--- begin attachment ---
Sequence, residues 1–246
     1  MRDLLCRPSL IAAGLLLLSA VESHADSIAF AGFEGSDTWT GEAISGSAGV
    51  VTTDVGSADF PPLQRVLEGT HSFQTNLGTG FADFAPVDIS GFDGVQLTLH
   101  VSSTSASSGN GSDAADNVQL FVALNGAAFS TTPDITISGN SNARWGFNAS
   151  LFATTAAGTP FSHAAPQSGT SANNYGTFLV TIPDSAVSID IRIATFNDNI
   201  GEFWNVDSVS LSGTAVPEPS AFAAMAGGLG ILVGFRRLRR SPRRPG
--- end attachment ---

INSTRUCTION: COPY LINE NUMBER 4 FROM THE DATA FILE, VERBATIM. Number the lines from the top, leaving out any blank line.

   101  VSSTSASSGN GSDAADNVQL FVALNGAAFS TTPDITISGN SNARWGFNAS